Which type of protein is best for you?
You only have to look on our site to see how many varieties of protein there are, a bit of a mine field right? Factors to consider when selecting the best protein for you include first and foremost allergies and/ or intolerances.
Safety and well being takes precedence of course, so it’s useful to know which proteins market themselves as ‘free from gluten’ or ‘lactose free’ (to name two of the most common forms).
Good examples of a lactose free protein is any plant based or vegan form of protein such as pea, hemp or soy protein, and then you have the whey proteins that are either lactose free and/ or contain lactase, the enzyme needed to support the digestion of lactose. Maybe try Pulsin Pea Protein, this is an isolate protein and is of a very high quality, or MuscleMeds Carnivor (always check with manufacture however).
If you’re fortunate and have no intolerances etc then simply opt for a whey protein, these are your bodies preferred sources of protein with one of the best being USN Pure Protein GF-1.
How much protein do you need?
Remember this refers to your TOTAL protein requirements per day, not just your protein supplement. As a rule of thumb take that golden figure of 1-2g protein per kg bodyweight and go from there e.g. for a 70kg male that would be 70 x 1 = 70g per day, and 70 x 2 = 140g per day. This is your range for the day, now consider that you should be aiming to consume approx. 80g of that protein requirement via whole food e.g. chicken, fish, pulses etc. This leaves around 60g of protein to be made up via your supplement, which is basically 1 shake in the morning and 1 shake after exercise/ weight training.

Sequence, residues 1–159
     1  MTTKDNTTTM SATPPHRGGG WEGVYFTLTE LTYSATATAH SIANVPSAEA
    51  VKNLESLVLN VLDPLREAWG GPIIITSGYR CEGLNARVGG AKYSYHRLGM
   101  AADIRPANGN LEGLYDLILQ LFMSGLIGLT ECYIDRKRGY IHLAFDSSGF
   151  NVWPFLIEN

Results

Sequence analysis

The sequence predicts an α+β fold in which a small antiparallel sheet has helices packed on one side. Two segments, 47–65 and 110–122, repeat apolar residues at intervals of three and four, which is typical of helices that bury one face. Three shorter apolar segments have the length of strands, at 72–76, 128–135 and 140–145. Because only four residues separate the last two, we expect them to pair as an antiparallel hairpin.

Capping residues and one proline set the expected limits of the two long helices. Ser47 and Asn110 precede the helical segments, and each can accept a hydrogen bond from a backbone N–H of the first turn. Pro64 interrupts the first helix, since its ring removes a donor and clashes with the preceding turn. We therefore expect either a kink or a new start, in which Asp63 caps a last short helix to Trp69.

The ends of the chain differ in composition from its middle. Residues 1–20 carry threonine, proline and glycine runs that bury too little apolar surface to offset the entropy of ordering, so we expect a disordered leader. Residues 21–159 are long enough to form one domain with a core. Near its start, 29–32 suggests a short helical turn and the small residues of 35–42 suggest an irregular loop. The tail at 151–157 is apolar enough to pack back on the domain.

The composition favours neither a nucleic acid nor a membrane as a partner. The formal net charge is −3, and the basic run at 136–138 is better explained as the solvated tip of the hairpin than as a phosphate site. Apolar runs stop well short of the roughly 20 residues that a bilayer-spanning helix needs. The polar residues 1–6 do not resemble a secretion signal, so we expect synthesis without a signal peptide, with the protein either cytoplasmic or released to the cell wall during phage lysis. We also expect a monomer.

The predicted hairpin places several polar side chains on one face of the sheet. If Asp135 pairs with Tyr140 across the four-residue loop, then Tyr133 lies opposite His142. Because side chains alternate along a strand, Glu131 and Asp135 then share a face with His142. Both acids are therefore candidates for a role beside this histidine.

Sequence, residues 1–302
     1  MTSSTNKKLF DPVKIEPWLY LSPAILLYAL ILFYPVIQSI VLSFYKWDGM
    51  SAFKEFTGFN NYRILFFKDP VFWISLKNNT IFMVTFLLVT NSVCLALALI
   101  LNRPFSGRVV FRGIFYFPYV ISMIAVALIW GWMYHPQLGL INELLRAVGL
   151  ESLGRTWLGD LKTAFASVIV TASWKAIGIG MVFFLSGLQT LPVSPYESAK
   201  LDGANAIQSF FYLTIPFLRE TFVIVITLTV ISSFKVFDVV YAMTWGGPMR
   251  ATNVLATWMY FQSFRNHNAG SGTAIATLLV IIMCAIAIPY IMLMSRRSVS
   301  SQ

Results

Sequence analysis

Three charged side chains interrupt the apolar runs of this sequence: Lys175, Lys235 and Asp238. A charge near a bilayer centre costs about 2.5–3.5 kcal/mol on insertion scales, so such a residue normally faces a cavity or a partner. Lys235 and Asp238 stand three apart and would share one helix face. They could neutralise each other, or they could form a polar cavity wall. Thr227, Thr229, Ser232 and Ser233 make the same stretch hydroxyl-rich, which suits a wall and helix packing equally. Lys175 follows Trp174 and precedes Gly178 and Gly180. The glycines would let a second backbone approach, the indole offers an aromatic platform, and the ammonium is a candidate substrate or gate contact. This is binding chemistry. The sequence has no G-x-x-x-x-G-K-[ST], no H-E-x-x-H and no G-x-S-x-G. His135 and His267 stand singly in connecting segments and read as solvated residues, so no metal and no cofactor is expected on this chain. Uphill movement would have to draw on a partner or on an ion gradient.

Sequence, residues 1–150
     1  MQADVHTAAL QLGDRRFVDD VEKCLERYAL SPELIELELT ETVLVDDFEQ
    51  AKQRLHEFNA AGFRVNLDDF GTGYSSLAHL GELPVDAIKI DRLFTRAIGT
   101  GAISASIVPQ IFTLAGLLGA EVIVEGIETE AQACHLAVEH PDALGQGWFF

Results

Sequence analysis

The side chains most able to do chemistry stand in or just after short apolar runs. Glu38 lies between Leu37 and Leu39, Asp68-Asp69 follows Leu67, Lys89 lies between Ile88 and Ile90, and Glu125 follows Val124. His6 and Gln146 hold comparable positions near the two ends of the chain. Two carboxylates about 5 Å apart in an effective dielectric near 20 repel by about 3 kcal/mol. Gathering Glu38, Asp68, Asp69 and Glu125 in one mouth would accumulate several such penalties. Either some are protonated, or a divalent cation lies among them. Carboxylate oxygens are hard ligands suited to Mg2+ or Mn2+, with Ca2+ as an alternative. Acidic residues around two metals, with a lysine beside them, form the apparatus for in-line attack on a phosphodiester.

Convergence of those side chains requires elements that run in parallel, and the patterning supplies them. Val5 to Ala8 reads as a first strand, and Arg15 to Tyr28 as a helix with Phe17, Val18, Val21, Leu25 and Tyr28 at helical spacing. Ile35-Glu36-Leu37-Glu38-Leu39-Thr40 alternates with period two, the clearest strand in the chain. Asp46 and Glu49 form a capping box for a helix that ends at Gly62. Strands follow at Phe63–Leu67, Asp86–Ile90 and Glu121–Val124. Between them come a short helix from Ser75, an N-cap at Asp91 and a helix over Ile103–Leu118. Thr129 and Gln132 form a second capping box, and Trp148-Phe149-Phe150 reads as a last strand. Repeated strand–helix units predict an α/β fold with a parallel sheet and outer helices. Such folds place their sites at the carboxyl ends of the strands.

When to take it?
There are 2-3 ideal windows of opportunity to make the most of your protein shake, although anytime is good, there are some ‘anabolic windows’ that you should aim for.
First thing in the morning is an absolute MUST, if there is any time that your body is lowest in protein (amino acid) stores it’s in the morning after an overnight fast of 6-8 hours. Your body is in a catabolic and stressed state after sleep so it is crucial to GAAAIIINNNSS that you get approx. 25-30g of protein in, ideally in a liquid form for rapid replenishment.
You should then have a whey protein after exercise (whenever that may be relative to your day), ideally this should be within 30-60mins after exercise whilst muscle damage and stress hormones are highest, and whilst insulin is low (whey protein is a precursor to insulin release, add some carbs for optimal results).
Finally you may wish to get some protein in you before bed, ideally around 1 hour before. Your best option is casein protein as this is a slower releasing protein and will keep your muscles drip fed overnight. Alternatively you could consume a whey protein, the amino acid profile of this will also keep your muscles fed during the night.